Organizations and groups are used to manage your Zendesk Support users and the ticket handling workflow.
This article discusses the following topics:
Organizations and groups, defined
Each collection of users is defined as follows:
Organizations are typically collections of your end users, but they can also include team members. On the Team plan, users can belong to only one organization. On Professional and Enterprise plans, users can belong to up to 300 organizations. The use of organizations is optional, but by arranging your end users into organizations you can keep track of what those organizations are requesting. You can also enable users within an organization to see each other’s tickets. This expands visibility of the organization's support issues and should reduce the number of duplicate tickets.
Groups collect team members together based on criteria those team members have in common. Groups can only contain team members; no end users can be included. All agents must be assigned to at least one group, but they can be members of more than one. Groups can be used to support organizations. You can designate one group as the default group for your account and you can also designate a default group for each team member. All new team members you create will be added to the default group.
End users and organizations
Although you don't have to add your end users to organizations, it can be extremely helpful in managing the workflow. First, let's define that we mean by end user. These are the people that generate support requests. They are your customers in a retail setting and the employees that are supported by an internal help desk in a corporate setting (to name two common types of end users). How you organize your end users is entirely up to you; however, here are a few examples of how organizations can be used:
To support service level agreements
You can create organizations that mirror the service level agreements that you've established with your customers. For example, your paying customers are guaranteed a faster response than those who use your free services and you want to distinguish between the two. Or, perhaps you've set up levels of support based on which version of your products and service levels your customers have purchased (for example: basic, professional, enterprise or silver, gold, platinum). You can create organizations for each set of customers and route them through the support workflow accordingly. You can then create business rules and reports to escalate tickets as needed and to track performance against your service level agreements.
To track and manage tickets by company
Perhaps you sell your products to other businesses. You can create organizations for each of those companies to manage and track their ticket activity.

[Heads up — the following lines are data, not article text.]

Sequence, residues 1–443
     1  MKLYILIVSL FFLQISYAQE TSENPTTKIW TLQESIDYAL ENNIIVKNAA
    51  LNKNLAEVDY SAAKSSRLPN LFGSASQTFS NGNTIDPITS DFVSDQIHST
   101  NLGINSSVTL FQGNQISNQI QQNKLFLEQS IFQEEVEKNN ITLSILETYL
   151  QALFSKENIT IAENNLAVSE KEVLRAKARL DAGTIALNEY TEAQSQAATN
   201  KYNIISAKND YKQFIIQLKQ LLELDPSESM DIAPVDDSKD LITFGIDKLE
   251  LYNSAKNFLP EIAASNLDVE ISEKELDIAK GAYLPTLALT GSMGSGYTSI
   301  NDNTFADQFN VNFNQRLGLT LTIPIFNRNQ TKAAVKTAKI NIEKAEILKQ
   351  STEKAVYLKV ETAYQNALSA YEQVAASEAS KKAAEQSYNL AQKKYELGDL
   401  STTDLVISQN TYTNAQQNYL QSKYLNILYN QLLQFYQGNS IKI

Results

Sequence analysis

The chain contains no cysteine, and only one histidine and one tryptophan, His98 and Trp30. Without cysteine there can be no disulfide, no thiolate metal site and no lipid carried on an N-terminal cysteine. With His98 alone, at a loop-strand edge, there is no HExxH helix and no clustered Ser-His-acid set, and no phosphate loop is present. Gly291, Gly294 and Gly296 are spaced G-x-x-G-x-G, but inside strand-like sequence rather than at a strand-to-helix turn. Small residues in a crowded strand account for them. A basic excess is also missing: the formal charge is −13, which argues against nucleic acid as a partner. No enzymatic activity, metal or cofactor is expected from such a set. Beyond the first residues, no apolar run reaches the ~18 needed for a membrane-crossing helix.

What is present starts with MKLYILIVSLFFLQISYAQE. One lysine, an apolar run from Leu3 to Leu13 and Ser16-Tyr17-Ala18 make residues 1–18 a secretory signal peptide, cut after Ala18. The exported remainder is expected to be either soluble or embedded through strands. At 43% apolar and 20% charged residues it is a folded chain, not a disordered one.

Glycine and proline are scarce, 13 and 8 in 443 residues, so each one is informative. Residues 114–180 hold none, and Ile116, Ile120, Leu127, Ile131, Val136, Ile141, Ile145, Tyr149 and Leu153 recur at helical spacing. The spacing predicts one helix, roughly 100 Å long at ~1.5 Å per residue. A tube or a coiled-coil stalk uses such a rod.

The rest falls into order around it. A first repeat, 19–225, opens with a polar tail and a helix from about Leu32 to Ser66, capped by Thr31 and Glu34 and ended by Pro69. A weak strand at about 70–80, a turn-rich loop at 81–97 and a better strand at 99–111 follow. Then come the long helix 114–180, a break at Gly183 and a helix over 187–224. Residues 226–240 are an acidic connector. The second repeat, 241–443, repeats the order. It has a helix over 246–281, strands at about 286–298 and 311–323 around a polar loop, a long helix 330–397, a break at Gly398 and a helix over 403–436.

To manage requests based on email domains
You can automatically add end users to organizations based on their email domain. For example, you might have both internal and external end users. You can create an organization for your internal end users and automatically add them to the organization, based on their email domain, the first time they submit a request. The new request is then picked up in the workflow rules you've set up for that organization.Note: When you add a domain to an organization, that domain is handled as if it has been added to your allowlist, and overrides the blocklist. For more information, see Using the allowlist and blocklist to control access to Zendesk Support.
To support customers by location and language
If you support organizations or individual customers across the globe, you can create organizations for locations and languages and then route those requests to agents that are co-located and speak the same languages.
To define access to Help Center
You can use organizations to create user segments to define who can see what in your Help Center. You might want most of your Help Center to be viewable by all end users but also create several just for certain groups of users (customers with premium service plans, perhaps). Organizations enable you to do this. For information see Creating users segments for Guide user permissions.
You can create organizations and add end users to them manually, one at a time, or automate the process by adding users and their organizations in bulk import operations.
Team members can also be added to an organization. You might do this as part of organizing the users in Zendesk Support or to restrict an agent's access to only the organization they belong to (this is an option when setting the agent's privileges).
Once you've gotten organizations set up, they can be used in many ways in Zendesk Support to manage your workflow. See How to use your organizations and groups below.
Agents and groups
Groups are only for team members and every agent must belong to at least one group. Like organizations, how you set up groups depends on your business needs and the support workflow you prefer. Here are some of the common ways that groups are used: